Filmmaker Peter Jackson’s new installment from Middle Earth has so much sexy technology you’d think reviewers would swoon: 3D; high def; 48 frames per second. Instead, we’re hearing a big yawn. Where did The Hobbit go wrong?
Welcome to the Q Curve. Consumer technology has gotten so good that the professionals we once paid to produce something startling now have difficulty staying ahead. I call this phenomenon the Quality Curve, where the rising quality of what you can produce with the iPhone (AAPL) or Samsung (005930) in your hand, if drawn as an upward line, now often surpasses the quality of professional producers. If the excellence of what you or I create rivals that of pros, our demand for their wizardry starts to slip.
Bilbo Baggins is a case in point. Jackson, whose brilliant The Lord of the Rings series won 17 Academy Awards, decided to solve one of film’s biggest flaws with this new preinstallment about the One Ring to Rule Them All—the flickering effect we get from a film speed set 90 years ago. When movies were first produced, film stock was expensive, so the standard rate of celluloid rolling through a camera was set at 24 frames per second. This means, for every second of a movie, 24 images flash rapidly on the screen to create the illusion of motion. The pace was set not for visual smoothness, but rather to conserve film—24 frames per second was the minimally viable option that gave users an acceptable moving image while holding down film costs.
WELLINGTON, New Zealand — Don’t misunderstand: New Zealand’s independent film community is enormously grateful for Peter Jackson, whose blockbuster “Lord of the Rings” trilogy, among other things, gave Kiwi directors a jolt of confidence.
“We saw one of our own kind do it,” said Robert Sarkies, a Wellington-based screenwriter and director. “For a remote country that lacks industry and has a feeling of cultural insecurity, what Peter Jackson achieved is pretty huge.”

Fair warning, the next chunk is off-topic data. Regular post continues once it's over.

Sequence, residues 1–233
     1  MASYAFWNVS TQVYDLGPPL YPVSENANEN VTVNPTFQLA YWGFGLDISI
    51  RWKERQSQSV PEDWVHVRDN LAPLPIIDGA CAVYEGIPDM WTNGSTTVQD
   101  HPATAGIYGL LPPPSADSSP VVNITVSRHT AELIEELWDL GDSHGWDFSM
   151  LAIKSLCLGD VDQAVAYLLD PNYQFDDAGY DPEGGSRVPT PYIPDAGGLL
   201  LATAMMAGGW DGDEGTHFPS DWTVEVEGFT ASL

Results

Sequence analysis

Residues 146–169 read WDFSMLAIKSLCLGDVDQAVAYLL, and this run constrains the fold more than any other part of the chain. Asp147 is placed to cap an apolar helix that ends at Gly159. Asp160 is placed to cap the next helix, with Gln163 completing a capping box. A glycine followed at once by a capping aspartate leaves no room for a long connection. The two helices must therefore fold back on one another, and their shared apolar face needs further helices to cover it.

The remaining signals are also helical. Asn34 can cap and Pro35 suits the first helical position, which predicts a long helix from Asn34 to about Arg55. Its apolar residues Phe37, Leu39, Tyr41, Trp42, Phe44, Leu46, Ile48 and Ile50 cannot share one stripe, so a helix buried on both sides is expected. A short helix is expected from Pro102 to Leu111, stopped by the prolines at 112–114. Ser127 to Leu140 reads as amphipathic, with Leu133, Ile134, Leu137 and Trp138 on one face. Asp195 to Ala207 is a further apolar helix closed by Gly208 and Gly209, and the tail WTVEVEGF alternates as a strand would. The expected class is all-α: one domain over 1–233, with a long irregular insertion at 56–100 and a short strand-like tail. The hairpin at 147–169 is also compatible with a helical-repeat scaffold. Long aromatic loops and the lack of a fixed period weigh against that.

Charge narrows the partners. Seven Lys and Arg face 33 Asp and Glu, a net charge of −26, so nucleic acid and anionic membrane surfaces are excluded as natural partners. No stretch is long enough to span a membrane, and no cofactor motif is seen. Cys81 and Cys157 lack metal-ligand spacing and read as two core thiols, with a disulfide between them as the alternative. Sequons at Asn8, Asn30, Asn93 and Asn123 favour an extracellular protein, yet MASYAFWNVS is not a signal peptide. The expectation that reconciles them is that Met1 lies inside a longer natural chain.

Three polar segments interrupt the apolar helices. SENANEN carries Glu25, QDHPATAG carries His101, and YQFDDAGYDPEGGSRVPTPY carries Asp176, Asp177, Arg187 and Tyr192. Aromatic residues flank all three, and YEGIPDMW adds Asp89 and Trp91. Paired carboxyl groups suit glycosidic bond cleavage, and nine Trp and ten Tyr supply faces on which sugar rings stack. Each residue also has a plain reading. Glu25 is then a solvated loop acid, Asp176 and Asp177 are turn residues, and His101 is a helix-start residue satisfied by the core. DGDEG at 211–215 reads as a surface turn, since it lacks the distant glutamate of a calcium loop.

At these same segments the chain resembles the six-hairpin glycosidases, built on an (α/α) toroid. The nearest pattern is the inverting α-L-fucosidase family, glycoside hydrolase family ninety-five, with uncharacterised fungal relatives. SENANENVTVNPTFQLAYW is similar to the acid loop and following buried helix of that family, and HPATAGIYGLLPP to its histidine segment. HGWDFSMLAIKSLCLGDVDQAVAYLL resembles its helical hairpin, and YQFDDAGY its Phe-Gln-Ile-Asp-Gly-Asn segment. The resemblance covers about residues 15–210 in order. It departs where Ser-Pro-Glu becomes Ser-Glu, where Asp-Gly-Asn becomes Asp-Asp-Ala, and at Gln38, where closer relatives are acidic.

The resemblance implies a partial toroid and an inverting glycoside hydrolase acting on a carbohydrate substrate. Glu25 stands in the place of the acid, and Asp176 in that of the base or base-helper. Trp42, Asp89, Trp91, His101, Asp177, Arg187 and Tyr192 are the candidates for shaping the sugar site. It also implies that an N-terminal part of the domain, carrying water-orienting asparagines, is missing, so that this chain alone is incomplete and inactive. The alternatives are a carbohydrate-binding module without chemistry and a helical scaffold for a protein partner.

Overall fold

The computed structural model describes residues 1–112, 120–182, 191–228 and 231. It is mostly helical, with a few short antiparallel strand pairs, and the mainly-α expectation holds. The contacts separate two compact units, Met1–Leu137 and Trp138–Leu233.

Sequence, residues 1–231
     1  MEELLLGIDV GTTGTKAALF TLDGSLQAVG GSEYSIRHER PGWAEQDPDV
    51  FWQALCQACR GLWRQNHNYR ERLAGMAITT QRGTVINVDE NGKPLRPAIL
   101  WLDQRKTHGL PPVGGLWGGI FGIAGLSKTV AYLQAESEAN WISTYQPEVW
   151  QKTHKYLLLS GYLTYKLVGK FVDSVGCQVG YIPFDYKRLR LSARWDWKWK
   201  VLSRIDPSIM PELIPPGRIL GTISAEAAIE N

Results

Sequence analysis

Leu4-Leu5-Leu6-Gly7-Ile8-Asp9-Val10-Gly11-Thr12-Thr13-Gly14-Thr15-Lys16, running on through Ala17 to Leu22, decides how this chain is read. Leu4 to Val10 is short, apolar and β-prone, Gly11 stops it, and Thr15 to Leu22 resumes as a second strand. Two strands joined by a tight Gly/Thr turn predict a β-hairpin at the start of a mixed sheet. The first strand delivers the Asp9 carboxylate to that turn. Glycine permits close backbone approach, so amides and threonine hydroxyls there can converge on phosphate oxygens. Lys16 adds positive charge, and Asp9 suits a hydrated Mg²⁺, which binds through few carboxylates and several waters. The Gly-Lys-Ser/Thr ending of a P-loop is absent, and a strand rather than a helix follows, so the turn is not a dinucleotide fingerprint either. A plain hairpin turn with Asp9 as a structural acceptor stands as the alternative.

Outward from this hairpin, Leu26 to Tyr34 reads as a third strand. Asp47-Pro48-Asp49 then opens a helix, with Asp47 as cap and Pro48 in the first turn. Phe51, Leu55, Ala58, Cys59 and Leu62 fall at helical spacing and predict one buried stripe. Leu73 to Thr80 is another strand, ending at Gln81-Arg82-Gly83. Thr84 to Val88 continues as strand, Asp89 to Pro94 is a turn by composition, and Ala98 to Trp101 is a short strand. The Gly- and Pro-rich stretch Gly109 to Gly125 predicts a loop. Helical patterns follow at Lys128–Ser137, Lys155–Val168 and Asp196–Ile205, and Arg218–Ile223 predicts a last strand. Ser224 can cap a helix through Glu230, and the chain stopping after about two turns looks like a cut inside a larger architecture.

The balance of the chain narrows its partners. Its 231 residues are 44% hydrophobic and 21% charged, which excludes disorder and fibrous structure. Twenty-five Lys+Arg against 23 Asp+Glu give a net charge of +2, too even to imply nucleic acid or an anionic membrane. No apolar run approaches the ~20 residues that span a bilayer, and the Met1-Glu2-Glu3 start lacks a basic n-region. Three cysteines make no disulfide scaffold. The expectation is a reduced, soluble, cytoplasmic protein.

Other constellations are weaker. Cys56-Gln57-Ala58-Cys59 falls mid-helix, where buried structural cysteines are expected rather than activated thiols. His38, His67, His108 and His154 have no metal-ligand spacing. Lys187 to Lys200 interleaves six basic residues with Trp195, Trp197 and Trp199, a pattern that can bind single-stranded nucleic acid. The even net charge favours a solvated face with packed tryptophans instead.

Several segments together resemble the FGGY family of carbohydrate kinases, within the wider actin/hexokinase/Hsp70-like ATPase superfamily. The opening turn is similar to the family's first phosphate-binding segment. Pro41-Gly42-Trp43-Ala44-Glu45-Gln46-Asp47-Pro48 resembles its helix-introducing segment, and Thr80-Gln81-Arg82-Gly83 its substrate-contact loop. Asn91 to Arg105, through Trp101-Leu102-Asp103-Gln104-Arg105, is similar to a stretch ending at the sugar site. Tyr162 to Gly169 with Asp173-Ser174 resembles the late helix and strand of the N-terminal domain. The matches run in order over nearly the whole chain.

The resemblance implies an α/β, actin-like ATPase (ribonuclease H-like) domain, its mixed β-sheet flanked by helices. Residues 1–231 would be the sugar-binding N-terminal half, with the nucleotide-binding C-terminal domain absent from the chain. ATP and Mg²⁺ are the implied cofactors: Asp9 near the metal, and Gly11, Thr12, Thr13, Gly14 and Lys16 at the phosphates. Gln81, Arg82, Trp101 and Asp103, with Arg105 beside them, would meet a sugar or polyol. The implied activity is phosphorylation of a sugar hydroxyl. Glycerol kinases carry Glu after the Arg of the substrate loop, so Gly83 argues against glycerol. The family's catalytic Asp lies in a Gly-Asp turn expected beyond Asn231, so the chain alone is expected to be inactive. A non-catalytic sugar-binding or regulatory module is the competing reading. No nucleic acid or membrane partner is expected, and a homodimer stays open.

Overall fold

Still, some film people here worry that Mr. Jackson’s rise has come at a price. The New Zealand government has poured hundreds of millions of dollars into Mr. Jackson’s mainstream movies and even rewritten labor laws to accommodate his Hollywood partners. What about other homegrown directors, particularly those interested in artier cinema? Is enough being done to make their careers sprout?
“The government has shown generosity toward these big films while smaller ones are left to struggle,” said Mr. Sarkies, whose movies include “Two Little Boys,” a comedy starring Bret McKenzie. “The fact is, government funding for smaller New Zealand films hasn’t even remained the same; it has gotten smaller and smaller.”
This time last year, New Zealand was under the spell of the Rugby World Cup, with host nation enthusiasm going a long way to realising the organisers’ vision of a “stadium of four million”. In 2012, the big event features hairy feet of a different sort, with the New Zealand-made film The Hobbit: An Unexpected Journey opening with a world premiere in Wellington, the home town of director Sir Peter Jackson, in six weeks.
A decade after Jackson’s three-film adaptation of JRR Tolkien‘s The Lord of the Rings emerged to critical and popular acclaim, the countdown to The Hobbit – in its film form, also a trilogy – began last week in earnest. In earnest and in fact: Wellington mayor Celia Wade-Brown unveiled a giant clock, complete with an image of Martin Freeman as Bilbo Baggins, counting down the minutes to the 28 November premiere.
The clock sits atop the Embassy Theatre, the handsome 1920s cinema that will host the screening. A bevy of international stars, led, it’s safe to predict, by Freeman, will return to Wellington to walk the red carpet down Courtenay Place. The last time the 500m carpet was unrolled, for the world premiere of The Return of the King in 2003, about 120,000 people came to watch the procession. Organisers expect a similar turnout this time. “It will be a real carnival atmosphere,” promises Wade-Brown.
There is nothing subtle about efforts to piggyback. The national tourism slogan “100% Pure New Zealand” has become “100% Middle-earth“, while in the days leading up to the premiere Wellington will be “renamed”, Wade-Brown announced last week, as “Middle of Middle-earth”.
It would all no doubt bewilder Tolkien, who conjured up his Middle-earth from Oxfordshire in the 1930s, and never travelled as far as New Zealand.